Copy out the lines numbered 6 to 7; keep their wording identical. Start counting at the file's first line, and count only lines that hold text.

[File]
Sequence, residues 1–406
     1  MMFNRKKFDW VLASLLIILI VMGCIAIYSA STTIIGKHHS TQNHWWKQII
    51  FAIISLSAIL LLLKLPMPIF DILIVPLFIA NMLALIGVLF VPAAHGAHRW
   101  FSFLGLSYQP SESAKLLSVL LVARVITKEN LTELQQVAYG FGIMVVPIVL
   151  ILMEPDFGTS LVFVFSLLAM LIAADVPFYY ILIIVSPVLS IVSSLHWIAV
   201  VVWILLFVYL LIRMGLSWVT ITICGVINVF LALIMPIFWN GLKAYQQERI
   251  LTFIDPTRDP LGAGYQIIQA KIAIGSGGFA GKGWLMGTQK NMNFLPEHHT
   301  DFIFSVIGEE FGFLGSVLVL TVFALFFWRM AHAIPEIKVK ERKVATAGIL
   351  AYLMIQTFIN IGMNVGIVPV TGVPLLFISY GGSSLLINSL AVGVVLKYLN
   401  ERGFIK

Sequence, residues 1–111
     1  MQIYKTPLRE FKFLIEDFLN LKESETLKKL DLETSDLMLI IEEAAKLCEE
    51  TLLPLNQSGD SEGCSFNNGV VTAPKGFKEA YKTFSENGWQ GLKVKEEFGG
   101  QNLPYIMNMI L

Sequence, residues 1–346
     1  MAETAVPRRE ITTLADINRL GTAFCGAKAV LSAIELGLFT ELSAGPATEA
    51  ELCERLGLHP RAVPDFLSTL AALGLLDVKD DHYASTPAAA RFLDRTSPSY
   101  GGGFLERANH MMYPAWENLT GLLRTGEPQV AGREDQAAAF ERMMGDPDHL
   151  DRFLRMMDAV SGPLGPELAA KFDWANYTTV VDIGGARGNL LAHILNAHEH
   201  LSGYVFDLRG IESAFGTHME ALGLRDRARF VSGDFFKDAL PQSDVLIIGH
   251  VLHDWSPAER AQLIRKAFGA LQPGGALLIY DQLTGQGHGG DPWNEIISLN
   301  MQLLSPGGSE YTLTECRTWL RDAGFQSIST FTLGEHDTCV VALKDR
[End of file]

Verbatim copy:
   201  VVWILLFVYL LIRMGLSWVT ITICGVINVF LALIMPIFWN GLKAYQQERI
   251  LTFIDPTRDP LGAGYQIIQA KIAIGSGGFA GKGWLMGTQK NMNFLPEHHT